For two decades, as the result of a coordinated attack by the gun lobby, the Centers for Disease Control and Prevention (CDC) has been hamstrung from researching gun violence as a public health crisis.
In 1996, congressional allies of the gun lobby added a rider to the CDC budget that prevented the agency from spending any funds to “advocate or promote gun control.”1 At the same time, Congress reduced the funding appropriated to the CDC by $2.6 million—the exact amount that the CDC spent on gun violence research the previous year. In 2011, a similar rider was added to the National Institutes of Health (NIH) budget.2
The combination of the rider and a lack of dedicated funding has had a substantial chilling effect on research into gun violence.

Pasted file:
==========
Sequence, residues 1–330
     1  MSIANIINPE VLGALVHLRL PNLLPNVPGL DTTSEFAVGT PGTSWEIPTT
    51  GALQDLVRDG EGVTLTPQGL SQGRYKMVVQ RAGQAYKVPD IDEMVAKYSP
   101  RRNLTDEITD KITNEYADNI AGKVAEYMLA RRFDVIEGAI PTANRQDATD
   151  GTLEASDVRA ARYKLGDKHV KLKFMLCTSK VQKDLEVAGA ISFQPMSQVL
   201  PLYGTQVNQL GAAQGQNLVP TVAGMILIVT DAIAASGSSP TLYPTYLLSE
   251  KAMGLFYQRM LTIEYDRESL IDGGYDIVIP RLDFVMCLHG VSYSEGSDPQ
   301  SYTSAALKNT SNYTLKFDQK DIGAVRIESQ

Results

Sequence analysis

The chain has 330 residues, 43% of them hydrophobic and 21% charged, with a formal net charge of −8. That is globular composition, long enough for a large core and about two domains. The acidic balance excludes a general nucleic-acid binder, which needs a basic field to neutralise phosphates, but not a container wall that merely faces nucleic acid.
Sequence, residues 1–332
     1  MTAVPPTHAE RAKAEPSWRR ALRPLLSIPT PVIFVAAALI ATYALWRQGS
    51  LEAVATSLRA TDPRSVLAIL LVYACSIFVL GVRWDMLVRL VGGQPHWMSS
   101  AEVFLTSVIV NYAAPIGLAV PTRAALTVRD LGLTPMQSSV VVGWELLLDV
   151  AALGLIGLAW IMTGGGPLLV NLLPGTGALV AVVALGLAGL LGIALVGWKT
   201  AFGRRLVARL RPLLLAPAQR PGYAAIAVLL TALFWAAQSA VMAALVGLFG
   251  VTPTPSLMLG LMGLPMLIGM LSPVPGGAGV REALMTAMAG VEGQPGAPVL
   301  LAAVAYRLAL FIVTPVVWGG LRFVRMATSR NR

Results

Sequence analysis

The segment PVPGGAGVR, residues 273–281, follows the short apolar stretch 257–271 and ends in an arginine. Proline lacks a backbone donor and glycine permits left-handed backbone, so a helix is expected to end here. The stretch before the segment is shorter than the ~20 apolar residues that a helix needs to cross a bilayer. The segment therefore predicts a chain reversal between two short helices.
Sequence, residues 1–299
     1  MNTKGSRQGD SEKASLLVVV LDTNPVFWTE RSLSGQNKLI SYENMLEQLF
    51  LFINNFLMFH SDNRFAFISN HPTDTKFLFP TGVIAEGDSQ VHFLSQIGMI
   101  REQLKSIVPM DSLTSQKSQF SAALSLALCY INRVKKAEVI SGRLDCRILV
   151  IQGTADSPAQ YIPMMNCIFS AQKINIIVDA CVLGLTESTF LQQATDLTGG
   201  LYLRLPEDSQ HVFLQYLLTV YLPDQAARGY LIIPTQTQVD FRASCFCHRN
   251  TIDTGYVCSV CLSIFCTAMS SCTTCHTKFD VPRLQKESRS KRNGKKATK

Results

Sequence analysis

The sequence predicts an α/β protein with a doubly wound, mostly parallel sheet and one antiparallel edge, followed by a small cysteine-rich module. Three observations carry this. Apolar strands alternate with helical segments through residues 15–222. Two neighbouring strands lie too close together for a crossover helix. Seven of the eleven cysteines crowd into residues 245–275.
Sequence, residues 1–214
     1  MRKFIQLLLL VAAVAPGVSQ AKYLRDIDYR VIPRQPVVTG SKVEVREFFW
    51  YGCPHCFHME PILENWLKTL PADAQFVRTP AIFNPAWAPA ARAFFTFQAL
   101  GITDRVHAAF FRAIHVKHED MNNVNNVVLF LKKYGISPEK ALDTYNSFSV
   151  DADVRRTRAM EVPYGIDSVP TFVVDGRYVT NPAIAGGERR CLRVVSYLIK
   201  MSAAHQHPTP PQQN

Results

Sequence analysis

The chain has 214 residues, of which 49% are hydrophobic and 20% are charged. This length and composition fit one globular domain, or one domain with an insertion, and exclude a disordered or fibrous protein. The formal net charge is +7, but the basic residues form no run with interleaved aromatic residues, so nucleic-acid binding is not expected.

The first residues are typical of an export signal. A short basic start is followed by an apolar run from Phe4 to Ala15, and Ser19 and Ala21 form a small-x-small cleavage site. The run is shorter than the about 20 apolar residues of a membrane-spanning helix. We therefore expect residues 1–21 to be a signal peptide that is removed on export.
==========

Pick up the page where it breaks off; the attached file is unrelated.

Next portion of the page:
- Since the rider was enacted, CDC annual funding for this research has fallen 96 percent.3
- From 2004 to 2015—when considered in terms of death rates—of the top 30 causes of death, gun violence was the least researched.4
The lack of a dedicated public investment in this research has left policymakers willfully ignorant about many aspects of gun violence in the United States and the most effective interventions to reduce gun deaths.5
The original author of this restriction—former Rep. Jay Dickey (R-AR)— publicly changed his mind about the rider that bears his name and urged Congress to resume public health research on gun violence.6 More than 100 medical organizations have called on Congress to restore funding for this research.7